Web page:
These are referred to as the Harare principles. In order to be a member in good standing of the Commonwealth, a country must now have a civilian, democratically elected government. The result was the Millbrook Action Programme, authorizing increased Commonwealth action to promote democracy, development and consensus building. The composition, terms of reference and operation of the Group are reviewed by the Heads of Government every two years. The fact that they are Foreign Ministers, rather than officials, means that they can take decisive action, while the small size of the group encourages a faster decision-making process.

CMAG uses a variety of carrots and sticks ranging from constructive dialogue to sanctions in order to encourage military regimes to return to the barracks and restore democracy as quickly as possible. The key to its effectiveness has been its flexibility. The Americas too have seen an extraordinary democratic revolution, a far cry from twenty years ago when there were only four democratic governments in South America.

Threats to Democracy Archives - WhoWhatWhy

The promotion of democracy was a fundamental consideration when Canada joined the OAS ten years ago and has been the abiding consideration in our relations with OAS member states. The OAS was the first international organization to expressly promote democracy. Canada has focused on developing the capacity of the organization to promote and serve democratic development.


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We have also strived to consolidate and strengthen the institutions that support political and human rights. Since its adoption at the OAS General Assembly, Resolution has been the principal inter-American mechanism for providing a collective response to a grave democratic crisis in a member state.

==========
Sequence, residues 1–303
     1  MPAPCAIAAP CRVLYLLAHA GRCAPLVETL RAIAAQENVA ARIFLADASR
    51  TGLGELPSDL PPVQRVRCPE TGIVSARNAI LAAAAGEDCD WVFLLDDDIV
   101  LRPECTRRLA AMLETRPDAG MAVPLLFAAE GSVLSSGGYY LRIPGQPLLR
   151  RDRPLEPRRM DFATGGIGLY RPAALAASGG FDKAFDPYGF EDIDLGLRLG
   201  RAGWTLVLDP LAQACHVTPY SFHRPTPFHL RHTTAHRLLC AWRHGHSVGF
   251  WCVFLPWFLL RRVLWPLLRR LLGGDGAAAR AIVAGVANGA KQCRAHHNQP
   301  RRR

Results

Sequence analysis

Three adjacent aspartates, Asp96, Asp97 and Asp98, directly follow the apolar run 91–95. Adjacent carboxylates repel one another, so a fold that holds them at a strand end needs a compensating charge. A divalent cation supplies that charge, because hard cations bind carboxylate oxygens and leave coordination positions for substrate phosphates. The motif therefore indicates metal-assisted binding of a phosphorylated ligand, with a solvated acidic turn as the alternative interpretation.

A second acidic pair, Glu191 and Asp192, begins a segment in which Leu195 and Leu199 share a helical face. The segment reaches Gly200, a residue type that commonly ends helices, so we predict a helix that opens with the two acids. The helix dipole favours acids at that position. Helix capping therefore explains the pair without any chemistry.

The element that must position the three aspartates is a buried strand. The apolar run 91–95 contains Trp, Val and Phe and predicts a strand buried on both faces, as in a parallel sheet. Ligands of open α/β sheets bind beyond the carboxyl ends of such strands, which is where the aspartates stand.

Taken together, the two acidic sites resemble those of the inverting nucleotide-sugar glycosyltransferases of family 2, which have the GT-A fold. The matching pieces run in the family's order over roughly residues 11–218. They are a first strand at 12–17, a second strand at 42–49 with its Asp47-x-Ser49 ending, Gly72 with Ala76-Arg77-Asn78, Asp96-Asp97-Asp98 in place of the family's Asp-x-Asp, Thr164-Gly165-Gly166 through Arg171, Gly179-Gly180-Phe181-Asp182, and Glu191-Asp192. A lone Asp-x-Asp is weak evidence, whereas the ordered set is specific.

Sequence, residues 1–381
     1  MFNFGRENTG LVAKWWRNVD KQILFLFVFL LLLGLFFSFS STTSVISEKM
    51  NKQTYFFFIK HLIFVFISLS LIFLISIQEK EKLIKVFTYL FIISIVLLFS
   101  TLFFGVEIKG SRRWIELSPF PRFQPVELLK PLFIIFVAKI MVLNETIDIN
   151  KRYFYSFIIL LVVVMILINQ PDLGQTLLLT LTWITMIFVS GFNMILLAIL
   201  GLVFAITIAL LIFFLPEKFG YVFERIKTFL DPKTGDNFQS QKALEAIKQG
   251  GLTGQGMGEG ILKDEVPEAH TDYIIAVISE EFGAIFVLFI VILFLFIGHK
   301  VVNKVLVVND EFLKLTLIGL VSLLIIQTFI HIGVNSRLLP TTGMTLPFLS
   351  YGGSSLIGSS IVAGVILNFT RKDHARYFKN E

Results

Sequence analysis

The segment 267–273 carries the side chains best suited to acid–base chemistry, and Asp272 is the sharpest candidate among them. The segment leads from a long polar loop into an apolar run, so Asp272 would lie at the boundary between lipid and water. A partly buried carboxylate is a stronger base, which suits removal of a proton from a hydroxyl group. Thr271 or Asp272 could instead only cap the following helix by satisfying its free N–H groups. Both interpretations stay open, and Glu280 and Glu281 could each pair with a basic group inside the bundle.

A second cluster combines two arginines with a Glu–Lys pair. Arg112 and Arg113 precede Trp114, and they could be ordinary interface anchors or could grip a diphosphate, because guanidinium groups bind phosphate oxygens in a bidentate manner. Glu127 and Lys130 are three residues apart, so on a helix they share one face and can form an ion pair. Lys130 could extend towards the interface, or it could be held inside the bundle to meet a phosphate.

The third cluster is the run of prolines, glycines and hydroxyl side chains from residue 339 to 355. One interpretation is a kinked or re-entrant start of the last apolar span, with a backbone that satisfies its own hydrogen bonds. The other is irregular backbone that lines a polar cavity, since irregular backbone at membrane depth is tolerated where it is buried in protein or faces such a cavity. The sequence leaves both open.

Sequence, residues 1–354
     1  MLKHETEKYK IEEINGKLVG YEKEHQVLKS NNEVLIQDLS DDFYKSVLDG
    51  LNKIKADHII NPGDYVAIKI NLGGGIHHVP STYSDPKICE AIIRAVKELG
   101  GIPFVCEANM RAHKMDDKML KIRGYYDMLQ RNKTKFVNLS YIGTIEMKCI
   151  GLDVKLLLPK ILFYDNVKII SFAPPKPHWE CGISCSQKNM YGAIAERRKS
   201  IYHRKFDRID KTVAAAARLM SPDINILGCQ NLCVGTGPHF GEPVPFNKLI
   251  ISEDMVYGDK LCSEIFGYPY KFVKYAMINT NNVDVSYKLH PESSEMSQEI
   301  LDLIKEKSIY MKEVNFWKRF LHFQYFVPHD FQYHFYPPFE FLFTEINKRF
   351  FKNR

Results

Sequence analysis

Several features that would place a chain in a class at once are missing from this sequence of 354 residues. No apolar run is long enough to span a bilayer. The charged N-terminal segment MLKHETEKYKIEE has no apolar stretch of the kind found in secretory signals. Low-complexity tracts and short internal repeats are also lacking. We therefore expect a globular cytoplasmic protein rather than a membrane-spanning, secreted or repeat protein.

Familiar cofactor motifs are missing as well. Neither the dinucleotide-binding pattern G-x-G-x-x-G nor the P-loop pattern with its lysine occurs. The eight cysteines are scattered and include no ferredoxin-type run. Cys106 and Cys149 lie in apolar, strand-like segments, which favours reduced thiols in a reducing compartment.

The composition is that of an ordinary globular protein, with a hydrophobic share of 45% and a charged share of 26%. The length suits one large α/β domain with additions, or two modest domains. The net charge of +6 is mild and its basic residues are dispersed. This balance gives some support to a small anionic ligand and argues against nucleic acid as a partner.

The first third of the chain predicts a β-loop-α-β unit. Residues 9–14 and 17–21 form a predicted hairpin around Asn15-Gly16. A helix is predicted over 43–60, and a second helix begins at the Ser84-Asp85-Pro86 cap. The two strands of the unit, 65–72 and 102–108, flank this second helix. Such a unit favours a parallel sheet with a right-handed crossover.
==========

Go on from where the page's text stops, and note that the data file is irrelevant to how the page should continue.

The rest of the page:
Threats to Democracy: Plenary Session IV

In essence, the resolution provides for a collective response to a crisis situation, such as a coup, but does not contemplate action in the face of other democratic irregularities. The mandate of the Ad Hoc meeting or special session of the General Assembly is to look into the events collectively and adopt appropriate decisions.

Resolution has been invoked four times: Haiti , Peru , Guatemala and Paraguay The Protocol of Washington, which amended the OAS Charter in , allowed for the de facto suspension from the OAS of a country whose democratically-elected government has been overthrown by force. This important mission is taking place this week. In Windsor, member states also adopted a resolution establishing a Special Fund for Strengthening Democracy to be used to respond to requests from member states requiring assistance when faced with threats to the democratic process.